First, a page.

The Stamford Garden Club held a propagation workshop showing members how to propagate Begonias, Gesneriads and Succulents.  Methods used included leaf wedge propagation, leaf propagation and water propagation.

Please watch the demonstration of Leaf Wedge propagation!

Leaf & Wedge Cuttings

Rhizomatous, rexes, and tuberous begonias will start from leaf cuttings. With nearly all begonias you can root a leaf, but only certain types will then send up a new plant from the rooted leaf.   Source:

Beazie's Begonia Leaf Cuttings Tips:
1.)  Put a lid over the begonia cuttings container - plant likes humidity, but no water on leaves.
2.)  Give bottom heat (on shelf above radiator), temperature around 70-degrees.
3.)  Indirect light.
4.)  Watering - soil should be slightly moist.  OK to have condensation on interior of container, but if it is heavy condensation, open container for a few hours. To water soil, dribble water around the edge of the container - not on the cuttings.

5.)  Germination: 6 - 8 weeks

Rhizomatous cuttings may be propagated in water or in moist soil using Beazie's tips.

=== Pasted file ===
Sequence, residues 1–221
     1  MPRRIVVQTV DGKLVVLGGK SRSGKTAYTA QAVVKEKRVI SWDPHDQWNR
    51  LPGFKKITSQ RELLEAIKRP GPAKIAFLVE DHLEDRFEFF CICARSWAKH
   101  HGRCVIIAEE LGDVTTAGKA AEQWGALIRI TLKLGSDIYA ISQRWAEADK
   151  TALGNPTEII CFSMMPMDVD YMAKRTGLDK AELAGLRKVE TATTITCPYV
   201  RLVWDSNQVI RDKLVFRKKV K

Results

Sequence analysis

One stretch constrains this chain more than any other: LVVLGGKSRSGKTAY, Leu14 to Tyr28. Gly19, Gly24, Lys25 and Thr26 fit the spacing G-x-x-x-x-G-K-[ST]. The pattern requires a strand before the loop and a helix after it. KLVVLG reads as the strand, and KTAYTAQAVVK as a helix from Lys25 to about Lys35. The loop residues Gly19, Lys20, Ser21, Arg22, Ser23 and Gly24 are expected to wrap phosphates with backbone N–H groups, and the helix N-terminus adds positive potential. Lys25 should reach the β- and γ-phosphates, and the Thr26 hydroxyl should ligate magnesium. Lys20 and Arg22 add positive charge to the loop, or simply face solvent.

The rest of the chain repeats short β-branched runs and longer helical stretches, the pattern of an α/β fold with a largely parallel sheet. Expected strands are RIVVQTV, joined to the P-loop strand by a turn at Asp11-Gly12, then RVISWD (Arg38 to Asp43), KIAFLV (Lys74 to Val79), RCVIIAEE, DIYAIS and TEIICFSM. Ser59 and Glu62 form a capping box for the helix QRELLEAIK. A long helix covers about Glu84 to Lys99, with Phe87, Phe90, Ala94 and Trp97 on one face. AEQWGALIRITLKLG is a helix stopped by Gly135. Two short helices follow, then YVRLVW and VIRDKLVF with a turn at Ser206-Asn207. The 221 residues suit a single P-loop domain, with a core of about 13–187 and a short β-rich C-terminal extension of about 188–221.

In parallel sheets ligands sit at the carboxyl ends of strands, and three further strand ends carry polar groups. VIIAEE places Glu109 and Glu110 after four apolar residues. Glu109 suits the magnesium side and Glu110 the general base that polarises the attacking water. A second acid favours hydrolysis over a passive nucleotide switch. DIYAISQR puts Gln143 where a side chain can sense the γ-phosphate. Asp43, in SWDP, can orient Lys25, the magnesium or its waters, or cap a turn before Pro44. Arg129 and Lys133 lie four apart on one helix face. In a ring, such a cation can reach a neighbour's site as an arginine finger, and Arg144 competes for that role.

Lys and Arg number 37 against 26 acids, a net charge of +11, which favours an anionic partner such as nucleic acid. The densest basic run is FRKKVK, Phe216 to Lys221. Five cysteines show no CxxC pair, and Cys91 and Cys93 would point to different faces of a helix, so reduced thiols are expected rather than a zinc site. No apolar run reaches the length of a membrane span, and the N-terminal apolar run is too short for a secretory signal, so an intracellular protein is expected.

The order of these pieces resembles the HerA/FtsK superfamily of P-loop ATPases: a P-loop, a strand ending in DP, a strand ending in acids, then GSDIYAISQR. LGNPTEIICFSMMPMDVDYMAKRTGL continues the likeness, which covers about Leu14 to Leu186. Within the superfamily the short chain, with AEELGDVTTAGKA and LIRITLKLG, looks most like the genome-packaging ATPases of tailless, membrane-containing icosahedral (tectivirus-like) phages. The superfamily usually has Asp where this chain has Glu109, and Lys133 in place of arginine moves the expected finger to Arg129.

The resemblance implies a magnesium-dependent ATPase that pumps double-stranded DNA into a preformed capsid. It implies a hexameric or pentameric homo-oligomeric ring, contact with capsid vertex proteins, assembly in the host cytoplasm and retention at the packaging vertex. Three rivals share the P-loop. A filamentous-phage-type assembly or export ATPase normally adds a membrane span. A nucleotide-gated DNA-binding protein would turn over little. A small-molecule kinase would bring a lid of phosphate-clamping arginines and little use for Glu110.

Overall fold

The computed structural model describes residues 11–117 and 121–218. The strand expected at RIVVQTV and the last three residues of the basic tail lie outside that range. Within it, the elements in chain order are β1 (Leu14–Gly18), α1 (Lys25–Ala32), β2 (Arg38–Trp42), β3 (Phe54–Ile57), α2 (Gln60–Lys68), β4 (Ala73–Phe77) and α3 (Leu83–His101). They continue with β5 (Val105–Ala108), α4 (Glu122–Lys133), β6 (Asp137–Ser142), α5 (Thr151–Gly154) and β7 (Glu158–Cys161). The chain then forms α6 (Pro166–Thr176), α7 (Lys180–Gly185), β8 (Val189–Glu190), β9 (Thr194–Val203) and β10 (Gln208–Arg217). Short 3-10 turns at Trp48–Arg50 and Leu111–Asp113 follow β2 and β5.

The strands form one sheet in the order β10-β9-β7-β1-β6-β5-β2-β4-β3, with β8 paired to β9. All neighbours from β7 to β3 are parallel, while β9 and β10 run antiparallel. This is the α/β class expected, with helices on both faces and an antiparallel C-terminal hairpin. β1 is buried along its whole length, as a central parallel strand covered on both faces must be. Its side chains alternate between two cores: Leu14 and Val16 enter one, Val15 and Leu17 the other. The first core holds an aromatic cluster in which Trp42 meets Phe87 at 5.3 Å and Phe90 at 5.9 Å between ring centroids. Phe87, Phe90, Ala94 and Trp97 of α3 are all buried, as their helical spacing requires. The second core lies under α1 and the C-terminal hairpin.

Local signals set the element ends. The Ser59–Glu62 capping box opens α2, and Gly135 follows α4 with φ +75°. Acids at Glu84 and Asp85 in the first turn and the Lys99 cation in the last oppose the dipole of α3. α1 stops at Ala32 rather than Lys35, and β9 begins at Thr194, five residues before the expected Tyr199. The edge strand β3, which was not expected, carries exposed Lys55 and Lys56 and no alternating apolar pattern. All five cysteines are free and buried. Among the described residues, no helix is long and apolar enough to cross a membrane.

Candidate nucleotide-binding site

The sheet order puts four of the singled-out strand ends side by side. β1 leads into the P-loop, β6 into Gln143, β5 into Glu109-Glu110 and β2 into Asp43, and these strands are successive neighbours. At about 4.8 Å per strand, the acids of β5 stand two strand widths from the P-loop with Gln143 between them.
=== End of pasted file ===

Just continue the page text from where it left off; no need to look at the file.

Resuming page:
Rhizome roots in water.
The generous donations made by our Horticulturalists included:
Begonia 'Lime Marmalade', the very lime colored leaf begonia,
Begonia masoniana, the one that was a piece of a rhizome, not a leaf.

Begonia that were just leaves,  no name leaves.

Hairy Bottom Leaf

Older Begonia leaves may have "hairy undersides".  Laying these on top of moist soil and following Beazie's tips will produce many new plants.


The Gesneriads we propated were the Streptocarpella, 'Concord Blue' and the African Violet, Frilly Dealy.  Gesneriad cuttings may be propagated in water.

Assorted succulents including the Hoya Kerrii (Sweetheart Hoya or Hoya Hearts or Valentine's Hoya) pictured to the left were also propagated.  Succulent propagation entails removing the lower leaves from the stem, cutting the stem with a sterilized knife and placing the stem in succulent soil or seed starter mixed with pearlite.

The cuttings in the photograph will be taken home and watched for signs of rooting.  They will be transplanted into their own pots.